Severe alienation just made me slightly paranoid, introspective and overly analytical about the motivations of others... at least once I stopped trying to be like everyone else.
  

       Before that was... well it was not so good.   

       I've given a lot of thought to mental illness.
When you see enough loved ones and other people drown in their own minds it really makes you wonder. Made me wonder anyway.
  

       When the alienation and plain 'ol shit 'n abuse were too much growing up and I started developing these various... I called them quirks, looking back I suppose they were budding psychosis, (that word tastes bad on the tongue), there was no way to really stop them. If I clamped down on one, another would take its place. They were... defense mechanisms.
My mind was trying to heal itself. Since I'd seen what happens to others when they lose their grip and realised I was well on my way to losing my own I let it do what it seemed so bent on doing.
If it was going to shatter anyway maybe I could control the break and hold the peices together, so I... I dunno, I jumped down its throat.
I made it show me just how bad-ass it was. (bit of a hail Marry pass there)
When it had finished with me, (let me tell ya, it has control of each and every single one of the glands in your body and its apertures), and I was still egging it on... then all of those other quirks vanished like the smoke that they were, other than the one I gave it for its own.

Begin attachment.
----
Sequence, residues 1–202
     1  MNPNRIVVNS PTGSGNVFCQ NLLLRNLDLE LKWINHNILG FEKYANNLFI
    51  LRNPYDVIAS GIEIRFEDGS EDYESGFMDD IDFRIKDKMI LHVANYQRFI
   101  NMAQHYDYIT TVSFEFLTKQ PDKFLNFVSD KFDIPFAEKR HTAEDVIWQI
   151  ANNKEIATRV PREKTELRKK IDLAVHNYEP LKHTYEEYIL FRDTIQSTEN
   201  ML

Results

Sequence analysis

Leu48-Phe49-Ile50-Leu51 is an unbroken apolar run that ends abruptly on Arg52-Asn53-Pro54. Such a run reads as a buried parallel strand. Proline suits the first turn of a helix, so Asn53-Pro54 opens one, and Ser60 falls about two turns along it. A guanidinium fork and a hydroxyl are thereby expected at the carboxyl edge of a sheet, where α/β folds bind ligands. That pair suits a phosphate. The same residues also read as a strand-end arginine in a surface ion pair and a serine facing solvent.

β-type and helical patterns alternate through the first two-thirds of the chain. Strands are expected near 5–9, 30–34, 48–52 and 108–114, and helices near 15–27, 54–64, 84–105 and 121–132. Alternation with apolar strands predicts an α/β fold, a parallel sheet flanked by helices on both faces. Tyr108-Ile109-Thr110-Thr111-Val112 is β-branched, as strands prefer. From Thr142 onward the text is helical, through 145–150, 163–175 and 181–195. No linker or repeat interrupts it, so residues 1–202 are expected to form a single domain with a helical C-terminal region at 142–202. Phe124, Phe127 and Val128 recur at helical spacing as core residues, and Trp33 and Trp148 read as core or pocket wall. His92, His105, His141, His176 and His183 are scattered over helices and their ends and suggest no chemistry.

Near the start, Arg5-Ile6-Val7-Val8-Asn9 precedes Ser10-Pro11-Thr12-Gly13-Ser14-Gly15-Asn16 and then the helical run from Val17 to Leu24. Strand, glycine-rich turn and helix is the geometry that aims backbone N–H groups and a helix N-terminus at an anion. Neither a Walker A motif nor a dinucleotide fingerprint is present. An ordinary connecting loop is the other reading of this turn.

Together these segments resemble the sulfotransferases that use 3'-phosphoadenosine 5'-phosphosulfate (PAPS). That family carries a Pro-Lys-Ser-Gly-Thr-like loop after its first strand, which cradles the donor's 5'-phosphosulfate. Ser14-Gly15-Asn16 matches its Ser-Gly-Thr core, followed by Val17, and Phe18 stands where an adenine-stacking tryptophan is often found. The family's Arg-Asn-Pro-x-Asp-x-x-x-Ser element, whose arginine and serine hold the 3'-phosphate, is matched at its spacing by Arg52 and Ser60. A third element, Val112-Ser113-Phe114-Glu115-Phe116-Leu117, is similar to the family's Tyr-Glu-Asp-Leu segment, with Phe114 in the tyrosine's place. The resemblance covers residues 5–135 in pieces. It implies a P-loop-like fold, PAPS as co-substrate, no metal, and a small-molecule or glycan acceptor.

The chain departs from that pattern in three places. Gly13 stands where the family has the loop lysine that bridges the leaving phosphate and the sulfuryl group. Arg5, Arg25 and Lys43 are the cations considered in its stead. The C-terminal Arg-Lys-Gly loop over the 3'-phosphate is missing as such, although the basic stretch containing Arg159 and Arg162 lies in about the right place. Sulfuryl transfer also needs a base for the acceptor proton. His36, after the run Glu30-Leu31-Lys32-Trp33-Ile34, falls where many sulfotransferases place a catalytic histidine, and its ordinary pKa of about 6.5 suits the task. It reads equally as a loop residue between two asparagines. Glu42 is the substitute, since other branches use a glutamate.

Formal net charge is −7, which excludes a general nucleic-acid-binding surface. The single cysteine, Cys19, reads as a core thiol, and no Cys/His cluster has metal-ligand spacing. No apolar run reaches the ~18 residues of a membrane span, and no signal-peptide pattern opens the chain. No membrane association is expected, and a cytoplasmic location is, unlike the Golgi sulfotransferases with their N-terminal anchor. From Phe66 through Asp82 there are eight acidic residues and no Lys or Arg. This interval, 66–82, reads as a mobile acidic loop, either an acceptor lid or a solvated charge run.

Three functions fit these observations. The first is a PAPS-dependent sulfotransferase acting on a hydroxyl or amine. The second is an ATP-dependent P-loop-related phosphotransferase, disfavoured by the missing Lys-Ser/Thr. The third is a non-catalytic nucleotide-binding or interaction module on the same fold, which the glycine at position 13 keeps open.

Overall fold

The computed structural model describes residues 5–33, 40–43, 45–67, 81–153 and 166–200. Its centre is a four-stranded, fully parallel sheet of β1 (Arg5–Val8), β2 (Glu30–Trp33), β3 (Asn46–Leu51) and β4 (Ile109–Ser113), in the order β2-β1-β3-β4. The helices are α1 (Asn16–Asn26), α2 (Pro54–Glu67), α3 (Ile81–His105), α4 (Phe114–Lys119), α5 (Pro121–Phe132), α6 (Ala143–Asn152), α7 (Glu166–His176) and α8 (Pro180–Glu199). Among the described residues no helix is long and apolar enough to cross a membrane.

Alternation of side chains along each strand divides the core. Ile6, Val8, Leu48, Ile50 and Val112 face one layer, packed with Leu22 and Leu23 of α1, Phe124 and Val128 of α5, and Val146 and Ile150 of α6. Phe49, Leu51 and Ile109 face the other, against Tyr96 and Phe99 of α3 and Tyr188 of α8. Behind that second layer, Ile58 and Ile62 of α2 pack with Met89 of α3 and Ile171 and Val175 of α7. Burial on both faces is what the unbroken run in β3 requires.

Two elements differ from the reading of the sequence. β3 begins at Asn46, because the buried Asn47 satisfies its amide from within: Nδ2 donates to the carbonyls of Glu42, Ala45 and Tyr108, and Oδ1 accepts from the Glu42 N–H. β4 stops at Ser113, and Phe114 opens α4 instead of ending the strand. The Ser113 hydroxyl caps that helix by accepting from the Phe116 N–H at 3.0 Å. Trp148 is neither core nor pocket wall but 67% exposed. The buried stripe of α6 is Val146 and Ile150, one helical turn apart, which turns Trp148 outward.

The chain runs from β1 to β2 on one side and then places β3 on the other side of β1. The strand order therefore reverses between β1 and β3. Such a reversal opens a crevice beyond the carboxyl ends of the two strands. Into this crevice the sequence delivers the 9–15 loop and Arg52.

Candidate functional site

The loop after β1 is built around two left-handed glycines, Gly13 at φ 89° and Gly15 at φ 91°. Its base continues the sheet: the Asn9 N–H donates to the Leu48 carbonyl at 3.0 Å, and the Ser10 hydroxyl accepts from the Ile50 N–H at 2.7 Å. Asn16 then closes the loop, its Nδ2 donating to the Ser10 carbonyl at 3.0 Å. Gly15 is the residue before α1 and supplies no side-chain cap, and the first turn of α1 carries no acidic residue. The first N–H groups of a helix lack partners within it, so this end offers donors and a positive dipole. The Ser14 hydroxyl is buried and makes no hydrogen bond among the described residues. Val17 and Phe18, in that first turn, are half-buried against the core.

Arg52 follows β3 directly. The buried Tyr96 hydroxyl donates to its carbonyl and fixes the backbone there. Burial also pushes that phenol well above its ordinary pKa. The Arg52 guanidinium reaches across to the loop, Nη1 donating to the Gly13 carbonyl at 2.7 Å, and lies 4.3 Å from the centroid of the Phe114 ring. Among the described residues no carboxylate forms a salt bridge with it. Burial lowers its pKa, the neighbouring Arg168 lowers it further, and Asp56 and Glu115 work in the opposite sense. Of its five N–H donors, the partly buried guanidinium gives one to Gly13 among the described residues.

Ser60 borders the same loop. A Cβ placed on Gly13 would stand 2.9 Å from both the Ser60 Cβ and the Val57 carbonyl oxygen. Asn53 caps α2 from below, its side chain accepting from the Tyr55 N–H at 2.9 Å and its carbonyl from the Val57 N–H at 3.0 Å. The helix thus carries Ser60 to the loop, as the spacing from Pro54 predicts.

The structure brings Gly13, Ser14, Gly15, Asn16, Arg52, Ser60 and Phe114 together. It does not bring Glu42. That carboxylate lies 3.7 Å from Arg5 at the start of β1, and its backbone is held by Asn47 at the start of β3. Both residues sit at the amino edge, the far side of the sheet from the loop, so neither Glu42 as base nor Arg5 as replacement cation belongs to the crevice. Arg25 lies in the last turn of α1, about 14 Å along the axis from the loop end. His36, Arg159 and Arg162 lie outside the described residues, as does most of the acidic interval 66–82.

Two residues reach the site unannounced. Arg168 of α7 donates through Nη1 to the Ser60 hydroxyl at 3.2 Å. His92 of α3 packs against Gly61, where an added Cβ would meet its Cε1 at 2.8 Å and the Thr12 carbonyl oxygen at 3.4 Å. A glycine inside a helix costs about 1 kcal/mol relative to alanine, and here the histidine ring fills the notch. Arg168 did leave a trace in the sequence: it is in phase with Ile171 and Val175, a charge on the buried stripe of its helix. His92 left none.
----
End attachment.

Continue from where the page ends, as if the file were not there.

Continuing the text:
Since then, it feels like I'm doing the opposite of lucid dreaming. Like the part of my mind normally asleep is awake with me. Like it never wanted to have to put me through those things, it just wanted to heal so the more I fought it, the worse it got.   

       Now take this for what it's worth, I have no education on the subject just my own experiences, but I think that by treating the individual symptoms of mental illness we do the exact opposite of what folks really need in order to cope.   

       I guess what I'm saying is that there is a purpose to mental illness. I think that our minds have been trying to this thing I stumbled onto by circumstance and chance for a very long time... and that it didn't need to be so damned hard.